The economic relationship between China and many African countries continues to grow, alongside speculation that the Chinese government has a hidden agenda. Many see sovereign immunity clauses in Chinese loan agreements as a ploy to re-colonise Africa from the back, while others ask whether these loans form a debt-trap diplomacy. Uche Igwe calls for an Afro-centric interrogation of China-Africa relationships that provides a framework for coordination and effective citizen engagement.
Chinese engagement with African countries, as one of the country’s most important economic partners, has spanned over two decades, traversing trade, investment, infrastructural financing and aid. During this period, China has catapulted from being a relatively small investor to the highest creditor in sub-Saharan Africa. According a recent report by Mckinsey, Africa-China trade has been growing at approximately 20% every year since 2000. However, these engagements have been complex and stirred speculations about what the long and short-term motives of China may be. Although these continue to be characterised by suspicion and cynicism, it is difficult to overlook China’s substantial influence. The nature of these loans as well as the processes of procuring them are often opaque and confidential. Widespread allegations of bribery and kickback have continued to fuel acrimonious debates and political cacophony across the continent.
Sovereign immunity clause controversy
The latest was a controversy stoked by the Nigerian National Assembly, which suggested that a legal clause, Article 8(1), of a USD500 million contract with China will mean Nigeria likely surrenders her economic sovereignty in the case of default. It was the House of Representatives Committee on Treaties, Protocols and Agreements that apparently misunderstood and raised suspicion about the presence of the sovereign immunity clause in the agreement.
However, the clause is said to be included in most standard Chinese agreements. The apparent reason is to prevent countries from raising sovereign immunity as a defence in case of any legal dispute. However, many politicians and opinion leaders in Nigeria vehemently disagree. Rather they insist that many of the loans are Trojan horses with hidden intentions that could lead to the surrender of choice sovereign assets.
The controversy around the sovereign loan clause has also spread a similar nagging fear of a likely take-over of assets beyond Nigeria, across the continent in countries such as Kenya and Zambia. The Kenyan government faced a similar backlash around rumours of an imminent take-over of the Mombasa Port, whose revenue proceeds were used as a collateral for securing the 2014 loan for the standard gauge railway (SGR) line from Nairobi to Mombasa. In Zambia, citizens are apprehensive about the takeover of the Kenneth Kaunda International Airport, Zambia National Broadcasting Corporation and the National Power and Utility Company whose revenue China is reportedly collecting to settle Zambia’s financial obligations to them. Most disturbingly, these agreements contain confidentiality clauses shielding them from public scrutiny.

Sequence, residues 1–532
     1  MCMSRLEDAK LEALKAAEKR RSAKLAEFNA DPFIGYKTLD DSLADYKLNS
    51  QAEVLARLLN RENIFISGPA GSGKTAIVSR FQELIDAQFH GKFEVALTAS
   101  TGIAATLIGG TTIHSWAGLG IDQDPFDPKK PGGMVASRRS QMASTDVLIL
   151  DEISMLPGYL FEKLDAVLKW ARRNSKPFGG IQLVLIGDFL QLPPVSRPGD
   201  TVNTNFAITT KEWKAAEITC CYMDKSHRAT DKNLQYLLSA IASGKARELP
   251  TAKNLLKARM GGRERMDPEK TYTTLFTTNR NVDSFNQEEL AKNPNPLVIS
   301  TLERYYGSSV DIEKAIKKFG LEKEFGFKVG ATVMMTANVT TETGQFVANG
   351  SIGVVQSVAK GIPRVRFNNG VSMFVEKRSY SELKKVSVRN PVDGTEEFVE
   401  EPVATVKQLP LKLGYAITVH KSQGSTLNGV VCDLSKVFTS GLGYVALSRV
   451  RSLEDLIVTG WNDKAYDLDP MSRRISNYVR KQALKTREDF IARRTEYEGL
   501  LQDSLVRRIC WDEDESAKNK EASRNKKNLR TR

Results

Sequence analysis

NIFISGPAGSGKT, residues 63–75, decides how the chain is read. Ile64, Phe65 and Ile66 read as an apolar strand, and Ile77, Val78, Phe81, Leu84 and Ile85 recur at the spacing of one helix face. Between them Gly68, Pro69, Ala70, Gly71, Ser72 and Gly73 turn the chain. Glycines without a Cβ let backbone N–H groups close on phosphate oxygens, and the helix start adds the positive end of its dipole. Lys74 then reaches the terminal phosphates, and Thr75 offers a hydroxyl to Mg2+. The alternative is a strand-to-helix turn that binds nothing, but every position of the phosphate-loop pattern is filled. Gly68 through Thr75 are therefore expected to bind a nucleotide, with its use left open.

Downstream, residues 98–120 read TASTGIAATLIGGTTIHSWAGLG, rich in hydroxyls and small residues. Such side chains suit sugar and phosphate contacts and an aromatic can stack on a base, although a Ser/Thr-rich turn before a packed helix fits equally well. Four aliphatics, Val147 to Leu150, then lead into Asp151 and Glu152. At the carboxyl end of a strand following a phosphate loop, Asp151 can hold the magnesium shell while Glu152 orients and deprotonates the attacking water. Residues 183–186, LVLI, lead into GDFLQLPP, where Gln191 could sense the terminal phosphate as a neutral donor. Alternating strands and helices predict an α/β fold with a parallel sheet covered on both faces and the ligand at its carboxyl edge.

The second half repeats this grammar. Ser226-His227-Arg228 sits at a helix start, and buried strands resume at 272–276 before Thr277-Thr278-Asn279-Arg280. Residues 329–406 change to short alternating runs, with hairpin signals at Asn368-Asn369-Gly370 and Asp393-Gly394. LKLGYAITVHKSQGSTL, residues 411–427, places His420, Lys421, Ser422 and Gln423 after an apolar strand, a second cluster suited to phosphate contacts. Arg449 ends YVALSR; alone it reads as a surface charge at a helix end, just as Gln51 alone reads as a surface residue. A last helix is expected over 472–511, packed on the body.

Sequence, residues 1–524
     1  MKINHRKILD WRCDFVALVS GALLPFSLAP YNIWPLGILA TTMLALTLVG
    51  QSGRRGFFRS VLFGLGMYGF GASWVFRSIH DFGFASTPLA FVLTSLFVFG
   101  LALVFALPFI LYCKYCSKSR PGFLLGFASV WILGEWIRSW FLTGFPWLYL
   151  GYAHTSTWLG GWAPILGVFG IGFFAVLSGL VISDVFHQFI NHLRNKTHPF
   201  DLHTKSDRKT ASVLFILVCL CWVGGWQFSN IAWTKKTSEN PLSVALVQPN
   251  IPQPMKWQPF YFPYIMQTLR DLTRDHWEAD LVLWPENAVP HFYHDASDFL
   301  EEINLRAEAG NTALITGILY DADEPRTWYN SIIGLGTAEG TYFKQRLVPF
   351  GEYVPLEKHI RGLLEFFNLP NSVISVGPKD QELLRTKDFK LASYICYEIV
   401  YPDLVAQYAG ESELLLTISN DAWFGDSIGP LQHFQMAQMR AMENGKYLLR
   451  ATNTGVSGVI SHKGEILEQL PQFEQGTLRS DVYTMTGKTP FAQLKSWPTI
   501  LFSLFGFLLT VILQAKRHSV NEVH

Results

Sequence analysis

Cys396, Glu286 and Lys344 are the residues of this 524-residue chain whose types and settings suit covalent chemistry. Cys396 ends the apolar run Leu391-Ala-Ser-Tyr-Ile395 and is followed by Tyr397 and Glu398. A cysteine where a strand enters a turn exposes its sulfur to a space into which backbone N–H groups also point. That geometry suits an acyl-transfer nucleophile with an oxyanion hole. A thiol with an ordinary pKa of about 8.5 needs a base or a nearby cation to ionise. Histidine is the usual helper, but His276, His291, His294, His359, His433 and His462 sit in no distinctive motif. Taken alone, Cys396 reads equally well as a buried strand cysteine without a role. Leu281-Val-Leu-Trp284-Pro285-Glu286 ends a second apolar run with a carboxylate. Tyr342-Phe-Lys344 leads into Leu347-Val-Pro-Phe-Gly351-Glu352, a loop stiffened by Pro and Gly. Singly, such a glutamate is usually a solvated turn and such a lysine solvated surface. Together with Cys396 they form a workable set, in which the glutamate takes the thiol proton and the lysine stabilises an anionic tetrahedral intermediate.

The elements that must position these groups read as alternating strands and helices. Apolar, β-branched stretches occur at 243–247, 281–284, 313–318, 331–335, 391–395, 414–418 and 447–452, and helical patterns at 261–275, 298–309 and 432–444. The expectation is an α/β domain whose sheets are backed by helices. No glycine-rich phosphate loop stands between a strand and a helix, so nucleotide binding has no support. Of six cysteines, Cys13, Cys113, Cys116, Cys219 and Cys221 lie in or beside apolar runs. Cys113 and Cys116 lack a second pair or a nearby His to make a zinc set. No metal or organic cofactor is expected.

Are these fears exaggerated or well-founded? On the other hand, the Chinese government might consider lending to African countries a risky venture and may be taking precautions by making the conditions stringent.
Accumulating debts without a long-term economic strategy
Nigeria is one of the most heavily indebted countries in Africa. The country’s debt stock has recently become a cause for worry among citizens, especially considering declining revenue as a result of the fluctuating price of oil. According to the figures from the Debt Management Office (DMO), Nigeria’s debt profile had risen to 31.009 trillion naira (USD 85.897 billion) as of June 2020. The apprehension of many observers is whether the projects financed by these loans may not have any meaningful impact on the economy, like the construction of the railway to Maradi in nearby Niger Republic at a whopping cost of US1.96 billion.
Critics have accused current political leaders in Nigeria of a lack of fairness in citing projects. For instance, it was revealed President Buhari himself formally requested the World Bank concentrate their project interventions in the North, where he comes from, leaving other parts of the country. On a positive note, African economies could gain greater capital investment to boost productivity, competitiveness and technological readiness from China. Yet there are valid reasons to insist that such borrowing must be part of long-term economic strategy.
China’s so-called debt trap: it takes two to tango
There are those who oppose the view that the ‘debt trap’ narrative is a pre-determined and well-orchestrated strategy by China. Researchers like Deborah Brautigam disagree. Critics describe it as predatory lending and insist that the government in Beijing is deliberately on a global lending spree, showering African countries with billions of dollars in exchange for natural resources, long-term concessions as well as economic and political influence. Gradually, they systematically pile up a debt burden on African countries to a point where they will be struggling to pay the money back. They are said to insist on juicy national assets as collateral for such loans. Yet China is reportedly reluctant to grant debt relief to Africa to enable these poorer countries to cope with the economic havoc wreaked by the pandemic.